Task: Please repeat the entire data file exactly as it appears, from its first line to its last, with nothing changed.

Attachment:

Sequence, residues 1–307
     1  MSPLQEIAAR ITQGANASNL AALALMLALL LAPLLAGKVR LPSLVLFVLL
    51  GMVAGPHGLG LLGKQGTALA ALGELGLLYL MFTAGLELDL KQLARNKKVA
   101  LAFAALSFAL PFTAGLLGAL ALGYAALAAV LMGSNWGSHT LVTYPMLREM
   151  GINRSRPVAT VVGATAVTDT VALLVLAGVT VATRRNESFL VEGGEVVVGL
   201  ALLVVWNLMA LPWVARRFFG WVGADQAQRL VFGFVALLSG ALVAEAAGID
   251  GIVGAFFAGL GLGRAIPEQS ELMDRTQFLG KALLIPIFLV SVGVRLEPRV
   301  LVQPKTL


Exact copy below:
Sequence, residues 1–307
     1  MSPLQEIAAR ITQGANASNL AALALMLALL LAPLLAGKVR LPSLVLFVLL
    51  GMVAGPHGLG LLGKQGTALA ALGELGLLYL MFTAGLELDL KQLARNKKVA
   101  LAFAALSFAL PFTAGLLGAL ALGYAALAAV LMGSNWGSHT LVTYPMLREM
   151  GINRSRPVAT VVGATAVTDT VALLVLAGVT VATRRNESFL VEGGEVVVGL
   201  ALLVVWNLMA LPWVARRFFG WVGADQAQRL VFGFVALLSG ALVAEAAGID
   251  GIVGAFFAGL GLGRAIPEQS ELMDRTQFLG KALLIPIFLV SVGVRLEPRV
   301  LVQPKTL